• The first-sale rule creates a second-hand market. Even out-of-print titles can be found second-hand. While prices for used games can vary depending on age and supply, most notable games are still available for purchase long after they've stopped being available through official channels. Meanwhile, digital titles than have been delisted are completely unavailable for purchase, as no second-hand copies readily exist (you may be able to find someone willing to part with an entire system or hard drive, but that's rare, expensive, and impractical). There are many digital-only games that have been delisted, and if you didn't get it while the getting was good, you ain't getting it. The effective nonexistence of second-hand market for digital copies is especially troublesome if you somehow lose a digital copy and the storefront that it was sold from no longer exists or the title is otherwise unable to be re-downloaded (I ran into this issue myself, and it contributed to my swearing off of paying for digital copies).
  • Physical is generally cheaper. If you're willing to wait a few months, most notable games (except first-party Nintendo games) can generally be found for $45 or less (and that continues to go down over time), while they tend to remain at $60 on digital storefronts for a considerably longer time aside from the occasional sale. Because they are closed platforms, digital storefronts on consoles have no competition aside from the physical market and therefore no real incentive to reduce prices.


There's a reason why I have hardly spent a dime on digital downloads in the past decade. Aside from a handful of Virtual Console releases on Wii U or 3DS, the only thing I bought digitally after 2010 was Blaster Master Zero on the Switch, and every other digital copy I have I got for free as part of some promotion. If I'm going to spend money on games, I want to have something I can hold in my hand and say "this is mine." To me, the claimed benefits of digital on consoles do not even come close to matching the benefits of physical, much less outweighing them.

Last edited by Shadow1980 - on 21 August 2020

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Shadow1980 said:

Your results may vary depending on where you live, but, in the U.S. at least, digital is a raw deal, especially when it comes to console games. I've written at length about this on many occasions here and elsewhere. Here's my main bullet points:

  • Under current U.S. law, physical copies are treated as the purchaser's property. They are sold, not licensed. I own those disks & cartridges on my shelves. But you cannot own digital copies. They are treated as "licensed, not sold."
  • As they are treated as the purchaser's property, physical copies are subject to the the First-sale Doctrine. The owner of the copy can sell, lend, trade, or gift their copy at their own discretion without the permission of the copyright holder. Digital, however, is not subject to the first-sale rule. Your ability to sell, lend, trade, or gift digital copies is dependent on the sole discretion of the copyright holder, because it is their property to dispose of, not yours.
  • The first-sale rule creates a second-hand market. Even out-of-print titles can be found second-hand. While prices for used games can vary depending on age and supply, most notable games are still available for purchase long after they've stopped being available through official channels. Meanwhile, digital titles than have been delisted are completely unavailable for purchase, as no second-hand copies readily exist (you may be able to find someone willing to part with an entire system or hard drive, but that's rare, expensive, and impractical). There are many digital-only games that have been delisted, and if you didn't get it while the getting was good, you ain't getting it. The effective nonexistence of second-hand market for digital copies is especially troublesome if you somehow lose a digital copy and the storefront that it was sold from no longer exists or the title is otherwise unable to be re-downloaded (I ran into this issue myself, and it contributed to my swearing off of paying for digital copies).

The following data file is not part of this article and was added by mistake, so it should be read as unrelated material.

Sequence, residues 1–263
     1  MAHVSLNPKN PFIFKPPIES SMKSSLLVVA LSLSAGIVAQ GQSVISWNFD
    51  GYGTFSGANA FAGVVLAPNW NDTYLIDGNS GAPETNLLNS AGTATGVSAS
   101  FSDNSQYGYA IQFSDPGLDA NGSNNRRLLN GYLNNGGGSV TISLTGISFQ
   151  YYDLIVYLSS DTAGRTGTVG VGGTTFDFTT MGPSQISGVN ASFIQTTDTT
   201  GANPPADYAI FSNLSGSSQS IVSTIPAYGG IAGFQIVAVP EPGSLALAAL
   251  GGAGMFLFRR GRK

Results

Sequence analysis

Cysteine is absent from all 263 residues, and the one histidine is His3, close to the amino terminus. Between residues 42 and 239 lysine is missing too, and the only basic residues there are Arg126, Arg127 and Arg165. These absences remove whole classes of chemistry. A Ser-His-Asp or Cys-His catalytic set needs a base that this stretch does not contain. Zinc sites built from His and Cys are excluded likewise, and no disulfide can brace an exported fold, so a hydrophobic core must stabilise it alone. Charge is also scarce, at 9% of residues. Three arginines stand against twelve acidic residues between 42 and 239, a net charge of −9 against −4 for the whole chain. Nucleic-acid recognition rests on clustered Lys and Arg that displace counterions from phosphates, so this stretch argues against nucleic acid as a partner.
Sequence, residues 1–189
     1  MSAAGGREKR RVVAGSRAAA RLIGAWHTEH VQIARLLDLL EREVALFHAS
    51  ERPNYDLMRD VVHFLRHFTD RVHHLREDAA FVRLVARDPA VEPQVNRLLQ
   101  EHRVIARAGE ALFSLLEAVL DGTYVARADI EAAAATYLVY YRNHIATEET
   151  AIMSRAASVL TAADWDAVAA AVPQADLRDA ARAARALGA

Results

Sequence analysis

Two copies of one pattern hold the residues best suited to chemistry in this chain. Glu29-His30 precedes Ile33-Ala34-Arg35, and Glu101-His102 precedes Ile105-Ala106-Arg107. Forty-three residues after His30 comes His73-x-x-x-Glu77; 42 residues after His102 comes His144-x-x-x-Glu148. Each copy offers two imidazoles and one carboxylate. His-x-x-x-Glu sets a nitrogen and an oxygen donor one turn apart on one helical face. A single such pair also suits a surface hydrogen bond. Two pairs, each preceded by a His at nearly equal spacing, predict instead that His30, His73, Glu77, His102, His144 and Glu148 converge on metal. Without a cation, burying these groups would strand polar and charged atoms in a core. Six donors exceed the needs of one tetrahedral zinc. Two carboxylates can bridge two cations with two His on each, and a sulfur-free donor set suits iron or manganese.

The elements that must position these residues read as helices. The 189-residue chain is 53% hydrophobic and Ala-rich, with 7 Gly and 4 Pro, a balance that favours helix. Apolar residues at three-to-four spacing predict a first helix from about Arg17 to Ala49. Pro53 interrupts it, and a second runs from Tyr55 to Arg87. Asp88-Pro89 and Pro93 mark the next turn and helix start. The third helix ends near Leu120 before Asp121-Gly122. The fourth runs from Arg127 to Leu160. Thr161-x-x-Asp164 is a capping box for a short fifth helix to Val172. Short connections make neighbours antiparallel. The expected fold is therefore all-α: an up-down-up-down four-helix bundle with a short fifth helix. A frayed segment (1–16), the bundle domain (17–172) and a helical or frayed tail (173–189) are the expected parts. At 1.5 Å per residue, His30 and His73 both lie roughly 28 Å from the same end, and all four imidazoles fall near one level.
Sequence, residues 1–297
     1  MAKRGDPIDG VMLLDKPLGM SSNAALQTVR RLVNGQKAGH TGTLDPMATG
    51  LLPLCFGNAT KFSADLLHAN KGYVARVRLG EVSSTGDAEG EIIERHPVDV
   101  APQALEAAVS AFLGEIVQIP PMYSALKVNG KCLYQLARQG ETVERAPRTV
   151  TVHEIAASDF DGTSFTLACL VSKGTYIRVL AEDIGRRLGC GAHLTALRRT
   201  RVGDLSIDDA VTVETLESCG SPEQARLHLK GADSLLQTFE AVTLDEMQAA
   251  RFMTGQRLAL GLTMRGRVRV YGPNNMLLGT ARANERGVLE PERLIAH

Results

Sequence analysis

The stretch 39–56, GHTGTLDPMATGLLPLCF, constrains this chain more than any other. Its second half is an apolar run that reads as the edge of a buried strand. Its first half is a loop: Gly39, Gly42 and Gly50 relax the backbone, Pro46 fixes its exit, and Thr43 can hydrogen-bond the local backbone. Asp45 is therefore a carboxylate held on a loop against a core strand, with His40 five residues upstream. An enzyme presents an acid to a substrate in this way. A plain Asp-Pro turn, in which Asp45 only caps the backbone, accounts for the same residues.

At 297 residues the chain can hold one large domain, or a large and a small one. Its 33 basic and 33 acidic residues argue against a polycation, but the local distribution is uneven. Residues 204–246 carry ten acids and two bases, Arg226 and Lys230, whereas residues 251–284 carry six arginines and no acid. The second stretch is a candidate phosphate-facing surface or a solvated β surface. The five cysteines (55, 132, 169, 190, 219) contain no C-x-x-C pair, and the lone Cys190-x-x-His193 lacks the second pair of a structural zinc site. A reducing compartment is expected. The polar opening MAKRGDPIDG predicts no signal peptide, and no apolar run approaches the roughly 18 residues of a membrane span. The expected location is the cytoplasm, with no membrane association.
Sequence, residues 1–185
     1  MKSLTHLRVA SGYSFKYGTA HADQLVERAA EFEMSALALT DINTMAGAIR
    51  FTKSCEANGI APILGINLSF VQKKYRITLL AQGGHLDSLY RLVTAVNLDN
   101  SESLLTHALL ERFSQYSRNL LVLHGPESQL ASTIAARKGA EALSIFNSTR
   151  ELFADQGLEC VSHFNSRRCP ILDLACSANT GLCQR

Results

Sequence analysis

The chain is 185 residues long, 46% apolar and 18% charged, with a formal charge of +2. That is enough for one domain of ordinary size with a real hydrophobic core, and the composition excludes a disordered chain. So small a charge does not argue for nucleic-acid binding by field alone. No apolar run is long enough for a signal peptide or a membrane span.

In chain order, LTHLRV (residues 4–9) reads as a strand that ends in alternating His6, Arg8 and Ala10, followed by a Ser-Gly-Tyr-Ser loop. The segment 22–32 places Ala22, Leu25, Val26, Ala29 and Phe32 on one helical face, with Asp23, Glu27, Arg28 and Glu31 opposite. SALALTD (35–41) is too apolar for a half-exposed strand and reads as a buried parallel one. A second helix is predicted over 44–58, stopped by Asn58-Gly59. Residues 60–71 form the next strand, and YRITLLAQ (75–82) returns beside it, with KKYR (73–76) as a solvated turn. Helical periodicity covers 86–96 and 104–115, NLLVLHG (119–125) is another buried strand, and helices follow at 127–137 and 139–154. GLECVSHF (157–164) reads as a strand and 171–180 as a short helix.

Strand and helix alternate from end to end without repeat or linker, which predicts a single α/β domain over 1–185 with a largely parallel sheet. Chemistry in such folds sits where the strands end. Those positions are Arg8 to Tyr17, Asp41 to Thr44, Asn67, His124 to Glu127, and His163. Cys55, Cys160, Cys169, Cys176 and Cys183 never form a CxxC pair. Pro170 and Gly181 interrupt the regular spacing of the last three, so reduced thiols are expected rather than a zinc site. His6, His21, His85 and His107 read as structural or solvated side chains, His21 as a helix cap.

• Physical is generally cheaper. If you're willing to wait a few months, most notable games (except first-party Nintendo games) can generally be found for $45 or less (and that continues to go down over time), while they tend to remain at $60 on digital storefronts for a considerably longer time aside from the occasional sale. Because they are closed platforms, digital storefronts on consoles have no competition and therefore no incentive to reduce prices.


There's a reason why I have hardly spent a dime on digital downloads in the past decade. Aside from a handful of Virtual Console releases on Wii U or 3DS, the only thing I bought digitally after 2010 was Blaster Master Zero on the Switch, and every other digital copy I have I got for free as part of some promotion. If I'm going to spend money on games, I want to have something I can hold in my hand and say "this is mine." To me, the claimed benefits of digital on consoles do not even come close to matching the benefits of physical, much less outweighing them.

Well said! I would like to ad that from a macroeconomic point of view it is certainly better if physical games remain and remain competitive to digital. They create jobs! (even tough, most people just order via Amazon...)



Already been mentioned by @Ka-pi96 but here in the UK, big AAA games usually launch anywhere in the £40-50 range day one for a physical copy, whereas digitally they're £60+, lowest I've seen a digital game day one was £50 when the physical copy was £40, and the most expensive I've seen digitally is like £65-70 for one of the Call of Duty games, can't remember which, when the physical copy was £45, lol. Obviously as it's been pointed out by others, that isn't the case around the world... but I'm not around the world, I'm in the UK where these ARE the prices... and until that changes I'll most likely NEVER go full digital. Digital is nice when they have sales and you get games for under a fiver and stuff... but for day one releases, here in the UK? NOPE!



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Disc all the way unless its same priced or cheaper digitally. The 20% difference between digital (on the UK PSN store) verses retail for full price games is a rip off for us in the UK.

I would love to support developers more but I love my boxes and discs for collection purposes. Plus, one of key benefits of consoles is that I have the freedom to do what I want with my game after I'm done with it. Trade to family/friends or trade in for money to fund other games. If I buy a game I want to play that I know I will complete and be done with it, I can just plough through in a weekend it and sell to my local CeX after. A bit like a rental service without being tied to anything lol. Done this with a few brand new games last gen and saved a bunch of money. And most of those end up on PS Plus anyway xD